Samiha Fariha – Account Executive, Torchia Communications
Samiha is an Account Executive at the strategic communications firm, Torchia Communications. Media relations is a large part of her role, which includes pitching, building media lists and following up with media via phone and email. Below, you’ll find two successful pitches she used to garner coverage for her clients.
In this first pitch, Samiha reached out to Canadian news outlets on behalf of Youth Science Canada, a non-profit that supports youth access and engagement with scientific pursuits. As a result of this pitch, the story ran on CTV Your Morning Live, CityNews at 6 and the Making a Difference show with Susan Hay. This “Making a Difference” spot was picked up by several other media outlets.
Subject: Segment Idea: X-year-old [Name] develops advanced wearable aid for visually impaired individuals
Good morning XX,
X-year-old [Name] from Toronto is one of this year’s top students at the Canada-Wide Science Fair for his most inspiring and ingenious STEM project. [Name] has developed an advanced wearable aid that provides blind and visually impaired individuals greater spatial perception through tactile feedback.
[Name] has won several awards for his project including: Platinum Award for Best Senior Project, Youth Can Innovate Awards, Gold Medal in his Category (Senior), Challenge Award in Innovation, Ted Rogers Innovation Award and a trip to the European Union Contest for Young Scientists.
[Name] is available for interviews to discuss how his project can help visually impaired individuals, how it benefits society and what inspired him to come up with this wearable aid. If you are interested in having [Name] on any upcoming segment, please let us know.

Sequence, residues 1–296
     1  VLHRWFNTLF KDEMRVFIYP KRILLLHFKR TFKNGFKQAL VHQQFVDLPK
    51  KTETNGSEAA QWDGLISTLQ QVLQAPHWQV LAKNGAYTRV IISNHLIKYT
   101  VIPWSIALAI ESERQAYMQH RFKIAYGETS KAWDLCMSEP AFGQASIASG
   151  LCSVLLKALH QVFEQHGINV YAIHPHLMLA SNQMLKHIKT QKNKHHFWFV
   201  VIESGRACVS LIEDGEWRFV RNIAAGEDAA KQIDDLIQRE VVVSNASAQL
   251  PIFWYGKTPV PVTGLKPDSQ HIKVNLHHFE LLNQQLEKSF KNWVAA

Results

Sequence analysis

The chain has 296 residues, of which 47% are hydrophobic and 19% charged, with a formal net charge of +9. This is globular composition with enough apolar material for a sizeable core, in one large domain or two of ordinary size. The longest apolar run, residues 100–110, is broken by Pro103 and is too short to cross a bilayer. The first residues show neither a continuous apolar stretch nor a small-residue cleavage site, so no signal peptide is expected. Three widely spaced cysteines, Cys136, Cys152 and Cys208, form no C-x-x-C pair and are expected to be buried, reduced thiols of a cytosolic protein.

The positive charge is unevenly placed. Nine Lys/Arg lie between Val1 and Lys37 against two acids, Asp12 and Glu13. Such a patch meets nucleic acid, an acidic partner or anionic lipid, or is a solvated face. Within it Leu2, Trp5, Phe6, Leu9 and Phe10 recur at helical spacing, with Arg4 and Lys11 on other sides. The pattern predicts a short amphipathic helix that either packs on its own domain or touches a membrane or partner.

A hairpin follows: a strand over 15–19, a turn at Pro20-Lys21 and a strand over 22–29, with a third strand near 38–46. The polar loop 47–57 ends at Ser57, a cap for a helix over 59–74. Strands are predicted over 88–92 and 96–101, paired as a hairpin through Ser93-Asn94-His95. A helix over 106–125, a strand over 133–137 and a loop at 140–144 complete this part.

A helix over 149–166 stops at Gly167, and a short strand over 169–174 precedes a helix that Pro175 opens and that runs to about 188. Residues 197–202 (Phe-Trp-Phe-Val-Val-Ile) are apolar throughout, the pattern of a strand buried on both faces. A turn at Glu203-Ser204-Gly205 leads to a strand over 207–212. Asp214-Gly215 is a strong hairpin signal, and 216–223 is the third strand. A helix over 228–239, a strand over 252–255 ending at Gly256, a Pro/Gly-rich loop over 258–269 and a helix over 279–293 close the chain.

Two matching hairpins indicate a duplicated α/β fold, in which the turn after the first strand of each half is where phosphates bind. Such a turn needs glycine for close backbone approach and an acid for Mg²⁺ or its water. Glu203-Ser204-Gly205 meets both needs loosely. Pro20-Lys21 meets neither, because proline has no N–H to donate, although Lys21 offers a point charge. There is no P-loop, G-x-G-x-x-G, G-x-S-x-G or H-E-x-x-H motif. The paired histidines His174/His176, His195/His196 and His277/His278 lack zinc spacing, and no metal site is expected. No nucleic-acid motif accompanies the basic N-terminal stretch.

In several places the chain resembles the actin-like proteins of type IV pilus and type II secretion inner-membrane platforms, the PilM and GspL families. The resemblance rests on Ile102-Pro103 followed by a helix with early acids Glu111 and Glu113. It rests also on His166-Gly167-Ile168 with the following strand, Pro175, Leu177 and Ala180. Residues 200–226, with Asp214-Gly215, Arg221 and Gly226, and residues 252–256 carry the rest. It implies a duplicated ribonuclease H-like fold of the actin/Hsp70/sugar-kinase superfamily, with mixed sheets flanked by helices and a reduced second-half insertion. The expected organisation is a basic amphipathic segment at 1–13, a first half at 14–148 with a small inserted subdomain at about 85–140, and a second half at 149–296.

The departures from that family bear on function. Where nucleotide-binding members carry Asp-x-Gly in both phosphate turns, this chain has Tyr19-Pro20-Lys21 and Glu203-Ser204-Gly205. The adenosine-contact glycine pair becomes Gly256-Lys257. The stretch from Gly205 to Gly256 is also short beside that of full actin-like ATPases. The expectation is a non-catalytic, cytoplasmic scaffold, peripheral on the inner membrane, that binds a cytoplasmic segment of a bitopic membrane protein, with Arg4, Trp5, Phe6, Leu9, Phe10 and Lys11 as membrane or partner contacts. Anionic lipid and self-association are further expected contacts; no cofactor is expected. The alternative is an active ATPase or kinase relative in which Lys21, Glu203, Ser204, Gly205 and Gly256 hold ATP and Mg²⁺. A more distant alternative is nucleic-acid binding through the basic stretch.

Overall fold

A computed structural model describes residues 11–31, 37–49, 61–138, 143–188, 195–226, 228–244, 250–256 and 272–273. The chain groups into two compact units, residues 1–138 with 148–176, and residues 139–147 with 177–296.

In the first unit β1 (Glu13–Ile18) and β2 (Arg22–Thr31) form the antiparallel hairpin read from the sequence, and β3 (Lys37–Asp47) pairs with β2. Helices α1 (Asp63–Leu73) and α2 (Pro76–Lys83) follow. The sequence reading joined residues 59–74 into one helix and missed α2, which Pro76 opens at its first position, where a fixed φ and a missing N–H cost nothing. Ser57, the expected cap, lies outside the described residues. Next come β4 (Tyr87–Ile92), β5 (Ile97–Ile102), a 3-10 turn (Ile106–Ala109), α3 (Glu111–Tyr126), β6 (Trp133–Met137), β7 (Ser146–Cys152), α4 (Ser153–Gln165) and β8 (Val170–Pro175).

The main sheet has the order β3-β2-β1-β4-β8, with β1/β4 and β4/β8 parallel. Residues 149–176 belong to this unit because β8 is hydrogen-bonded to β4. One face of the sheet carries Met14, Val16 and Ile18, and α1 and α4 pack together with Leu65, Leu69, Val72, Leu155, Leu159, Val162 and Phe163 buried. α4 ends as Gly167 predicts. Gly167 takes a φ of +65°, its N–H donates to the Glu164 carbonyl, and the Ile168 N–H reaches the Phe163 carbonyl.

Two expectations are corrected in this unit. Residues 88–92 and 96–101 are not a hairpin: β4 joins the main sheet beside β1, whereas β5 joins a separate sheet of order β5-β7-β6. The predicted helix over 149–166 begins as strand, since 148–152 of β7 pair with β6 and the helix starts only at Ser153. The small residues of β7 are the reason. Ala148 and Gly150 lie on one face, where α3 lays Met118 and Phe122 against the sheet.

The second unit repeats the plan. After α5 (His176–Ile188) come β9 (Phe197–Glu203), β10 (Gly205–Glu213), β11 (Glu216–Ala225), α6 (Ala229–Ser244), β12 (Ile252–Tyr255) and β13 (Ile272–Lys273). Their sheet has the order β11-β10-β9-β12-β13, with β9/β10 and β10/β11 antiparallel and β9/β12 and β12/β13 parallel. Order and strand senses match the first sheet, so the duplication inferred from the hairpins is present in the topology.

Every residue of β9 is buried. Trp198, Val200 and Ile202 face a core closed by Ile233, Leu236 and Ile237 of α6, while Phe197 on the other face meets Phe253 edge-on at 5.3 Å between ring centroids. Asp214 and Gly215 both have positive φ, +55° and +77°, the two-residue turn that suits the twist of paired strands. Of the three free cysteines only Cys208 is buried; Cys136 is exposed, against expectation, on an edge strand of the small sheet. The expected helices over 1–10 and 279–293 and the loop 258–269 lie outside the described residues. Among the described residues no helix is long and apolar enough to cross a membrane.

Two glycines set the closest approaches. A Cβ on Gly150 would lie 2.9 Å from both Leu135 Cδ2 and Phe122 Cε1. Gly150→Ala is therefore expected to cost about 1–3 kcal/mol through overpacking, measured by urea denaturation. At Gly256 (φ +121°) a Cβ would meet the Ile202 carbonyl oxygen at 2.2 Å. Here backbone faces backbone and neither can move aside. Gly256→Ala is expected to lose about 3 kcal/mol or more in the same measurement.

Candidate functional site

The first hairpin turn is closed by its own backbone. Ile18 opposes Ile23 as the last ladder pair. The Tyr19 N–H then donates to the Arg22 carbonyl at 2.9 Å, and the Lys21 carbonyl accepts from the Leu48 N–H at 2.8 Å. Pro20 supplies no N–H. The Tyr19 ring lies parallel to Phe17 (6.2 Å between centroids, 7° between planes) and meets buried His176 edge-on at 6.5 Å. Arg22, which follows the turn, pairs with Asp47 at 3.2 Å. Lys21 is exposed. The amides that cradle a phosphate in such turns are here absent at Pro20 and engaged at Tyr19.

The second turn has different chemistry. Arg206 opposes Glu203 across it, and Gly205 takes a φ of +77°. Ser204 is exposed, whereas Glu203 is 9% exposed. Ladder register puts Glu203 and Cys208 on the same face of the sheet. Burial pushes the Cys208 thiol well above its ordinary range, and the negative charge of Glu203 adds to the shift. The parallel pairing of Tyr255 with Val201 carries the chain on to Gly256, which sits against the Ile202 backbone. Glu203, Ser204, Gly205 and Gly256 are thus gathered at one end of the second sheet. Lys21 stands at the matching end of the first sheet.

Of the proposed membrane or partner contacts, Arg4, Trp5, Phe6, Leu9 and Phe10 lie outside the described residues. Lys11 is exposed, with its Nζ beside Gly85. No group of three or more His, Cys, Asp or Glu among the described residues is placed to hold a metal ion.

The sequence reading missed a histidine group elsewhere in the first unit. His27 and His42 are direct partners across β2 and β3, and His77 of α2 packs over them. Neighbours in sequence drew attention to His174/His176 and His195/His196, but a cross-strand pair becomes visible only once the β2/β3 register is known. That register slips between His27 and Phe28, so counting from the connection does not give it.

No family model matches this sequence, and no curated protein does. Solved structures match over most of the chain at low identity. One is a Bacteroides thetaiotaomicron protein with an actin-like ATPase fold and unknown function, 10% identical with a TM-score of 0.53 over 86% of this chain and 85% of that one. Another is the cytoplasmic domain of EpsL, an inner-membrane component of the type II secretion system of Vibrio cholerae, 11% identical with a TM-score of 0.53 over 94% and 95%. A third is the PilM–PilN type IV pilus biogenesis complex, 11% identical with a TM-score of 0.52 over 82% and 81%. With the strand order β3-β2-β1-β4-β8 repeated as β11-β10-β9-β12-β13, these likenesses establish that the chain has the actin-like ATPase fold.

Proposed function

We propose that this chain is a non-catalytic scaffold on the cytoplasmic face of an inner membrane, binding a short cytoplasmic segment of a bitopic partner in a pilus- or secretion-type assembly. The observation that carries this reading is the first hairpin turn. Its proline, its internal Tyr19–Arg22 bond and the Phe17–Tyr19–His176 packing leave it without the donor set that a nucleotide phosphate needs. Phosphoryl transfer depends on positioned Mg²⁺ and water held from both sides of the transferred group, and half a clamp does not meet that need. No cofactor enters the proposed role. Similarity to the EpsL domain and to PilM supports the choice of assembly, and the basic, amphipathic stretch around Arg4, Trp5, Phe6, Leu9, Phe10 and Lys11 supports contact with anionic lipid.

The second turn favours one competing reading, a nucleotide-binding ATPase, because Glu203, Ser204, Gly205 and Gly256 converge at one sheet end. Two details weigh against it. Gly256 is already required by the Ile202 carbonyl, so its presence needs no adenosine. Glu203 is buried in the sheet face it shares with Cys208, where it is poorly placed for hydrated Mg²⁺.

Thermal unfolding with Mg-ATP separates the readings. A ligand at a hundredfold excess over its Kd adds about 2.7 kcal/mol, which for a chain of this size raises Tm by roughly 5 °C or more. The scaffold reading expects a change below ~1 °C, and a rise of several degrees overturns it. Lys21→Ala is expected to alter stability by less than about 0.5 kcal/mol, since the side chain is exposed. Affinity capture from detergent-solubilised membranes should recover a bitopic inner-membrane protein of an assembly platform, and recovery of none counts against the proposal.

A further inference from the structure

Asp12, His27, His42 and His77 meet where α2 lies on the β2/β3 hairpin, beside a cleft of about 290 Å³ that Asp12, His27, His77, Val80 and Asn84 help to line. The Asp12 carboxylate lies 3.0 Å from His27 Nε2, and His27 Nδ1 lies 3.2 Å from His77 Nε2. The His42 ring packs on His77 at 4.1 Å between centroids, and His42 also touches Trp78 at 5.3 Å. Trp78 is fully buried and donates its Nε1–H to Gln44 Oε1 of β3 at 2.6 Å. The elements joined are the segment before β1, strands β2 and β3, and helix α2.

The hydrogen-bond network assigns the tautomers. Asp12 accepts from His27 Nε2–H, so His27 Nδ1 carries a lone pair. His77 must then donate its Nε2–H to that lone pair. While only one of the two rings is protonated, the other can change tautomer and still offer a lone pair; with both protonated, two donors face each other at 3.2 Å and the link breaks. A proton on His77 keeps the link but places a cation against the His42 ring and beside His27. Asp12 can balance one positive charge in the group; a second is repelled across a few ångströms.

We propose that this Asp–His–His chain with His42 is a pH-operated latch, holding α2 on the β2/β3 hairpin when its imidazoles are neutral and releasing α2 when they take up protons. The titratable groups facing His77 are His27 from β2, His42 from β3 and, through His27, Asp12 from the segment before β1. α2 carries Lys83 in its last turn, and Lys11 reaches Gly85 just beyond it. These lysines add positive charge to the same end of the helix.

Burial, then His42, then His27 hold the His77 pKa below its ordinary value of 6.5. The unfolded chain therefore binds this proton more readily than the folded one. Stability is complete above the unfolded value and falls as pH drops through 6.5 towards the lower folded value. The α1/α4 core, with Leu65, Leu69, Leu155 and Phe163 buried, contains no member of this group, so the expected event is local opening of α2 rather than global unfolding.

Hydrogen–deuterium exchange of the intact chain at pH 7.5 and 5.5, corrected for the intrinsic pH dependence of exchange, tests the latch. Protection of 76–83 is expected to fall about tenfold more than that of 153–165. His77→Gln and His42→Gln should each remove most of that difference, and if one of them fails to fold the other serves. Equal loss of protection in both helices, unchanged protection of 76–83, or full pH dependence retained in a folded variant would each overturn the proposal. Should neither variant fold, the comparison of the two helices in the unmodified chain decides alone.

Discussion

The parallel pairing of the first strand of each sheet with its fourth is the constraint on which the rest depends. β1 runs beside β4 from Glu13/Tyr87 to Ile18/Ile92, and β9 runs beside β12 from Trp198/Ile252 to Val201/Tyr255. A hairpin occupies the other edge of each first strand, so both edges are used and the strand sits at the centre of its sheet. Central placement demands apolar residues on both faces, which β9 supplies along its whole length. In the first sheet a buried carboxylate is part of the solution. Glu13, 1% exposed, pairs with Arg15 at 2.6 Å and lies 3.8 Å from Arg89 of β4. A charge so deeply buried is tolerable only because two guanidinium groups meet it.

The thought process:
Media outlets are often attuned to innovation and areas related to new, STEM-related technology and trends coming down the pike. Having a youthful and vivacious spokesperson, backed by a bonafide non-profit (Youth Science Canada), and we had many of the ingredients needed for success.
Based on that, we needed to aim for simplicity and clarity of messaging—basically word economy: getting the story out fast and with a solid level of service. In addition, media outlets certainly appreciate learning about precocious Canadian teen scientists who are doing innovative work—especially if it helps make people’s lives easier.
When we distributed the pitch to our targeted media, the pitch was very clear, it highlighted the success of the student very well and we offered compelling story angles for the media to consider for their upcoming segment.
For this second pitch, Samiha was seeking interviews for James Juhasz, the Canadian sailor and Olympic hopeful, to talk about his unconventional training schedule during the COVID-19 pandemic. The pitch was distributed to TV, radio and print/web media outlets and received a lot of interest. The top coverage secured for this pitch was Breakfast Television and two radio interviews on AM 770.
Subject: STORY IDEA: Olympic hopeful avoids idling while out of the waters
Good morning XX,
Under normal circumstances, Canadian sailors like James Juhasz would be knee deep in Canadian freshwaters, practicing and tinkering with their craft.
Today, 300 kms from his laser class sailboat, James is forced to prepare using other means due to COVID-19 – everything but the real things. No water access. No boat.
From his home in Oakville, Ontario, in confinement, James is happy to speak with you – to discuss his non-conventional training regimen, his Olympic aspirations for Paris 2024, his next competitions and outlook.
If you are interested, we’d be happy to connect you with James for a preliminary chat or provide you with more info or book him for an interview for your upcoming story.
The thought process:
The pitch was effective because it was timely. During the early stage of the COVID-19 pandemic, the media was interested in covering COVID related news from different angles. We offered them a sports-related story such as how COVID-19 was affecting young athletes and disrupting their training schedules and their major sports competitions.